You’re smart, or they wouldn’t have hired you.  You’ve read the tea leaves about job and career changes, and you know how frequently they happen.  The head-office people figure you’re probably good for five years.  Then you’ll either bolt…or could be they’ll stretch you out on the chopping block during the next downsizing “harvest.”

Almost all of your other entering “classmates” in this year’s crop of new hires will be playing exactly the same hop-to-happiness game.

The truth is somewhat different.  Organizations have to be agile enough to change, but they also crave continuity.  While they expect a huge portion of the organization to turn over rapidly, headquarters also yearns for those stable human pillars who anchor cultural values.

So, imagine what you think “company career” is for you rather than dancing from job to job.  What if you become an “I’m-sticking-around” contrarian?  You may need to “announce” your intentions with an unusual accent:

  • “If you need someone to babysit new recruits and help orient them to the company, I’m available.”
  • “You say you can’t do my annual review on time?  I can wait.  I know I can count on you to be fair.”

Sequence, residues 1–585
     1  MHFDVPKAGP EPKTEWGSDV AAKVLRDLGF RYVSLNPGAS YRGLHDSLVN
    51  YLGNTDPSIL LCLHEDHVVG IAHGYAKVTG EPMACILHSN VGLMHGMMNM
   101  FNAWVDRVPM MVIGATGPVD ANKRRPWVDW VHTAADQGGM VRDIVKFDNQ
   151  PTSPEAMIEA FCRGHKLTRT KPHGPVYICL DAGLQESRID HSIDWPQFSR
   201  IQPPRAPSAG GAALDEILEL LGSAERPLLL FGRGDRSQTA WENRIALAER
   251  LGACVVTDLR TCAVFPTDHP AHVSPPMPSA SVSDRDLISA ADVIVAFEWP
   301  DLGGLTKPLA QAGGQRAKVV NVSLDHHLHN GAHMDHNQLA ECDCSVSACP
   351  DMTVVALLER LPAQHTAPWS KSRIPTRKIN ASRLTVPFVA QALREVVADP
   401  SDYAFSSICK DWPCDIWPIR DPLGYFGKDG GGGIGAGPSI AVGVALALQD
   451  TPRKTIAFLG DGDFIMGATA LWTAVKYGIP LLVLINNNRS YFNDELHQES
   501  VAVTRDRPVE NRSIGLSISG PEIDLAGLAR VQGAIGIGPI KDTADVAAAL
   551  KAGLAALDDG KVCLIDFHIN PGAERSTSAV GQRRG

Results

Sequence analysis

• “What can I do to make your job easier?  Boss, what parts of your job description would be easy for you to delegate to me?
  • “Are there confrontational aspects of your job that would just as soon someone else handle for you?”
  • “I know you have a do-or-die presentation tomorrow.  I’m great at speech bubbles and custom animations.  How can I PowerPoint you to–in Star Trek terms–‘go where no one has gone before’?”

Some might write off this overly helpful attitude as being too subservient at best.  But hold the phone:

  • Will you likely be wrenching your family through a transfer in five years?
  • Do you have a passion for the stable life or prefer that of today’s career nomad?
  • If you stick around, are your odds better for making the next decisions about who sticks around in the inevitable next personal cut…or for being one of the decisions?

Mackay’s Moral: Most people are willing to meet each other halfway; trouble is, most people are pretty poor judges of distance

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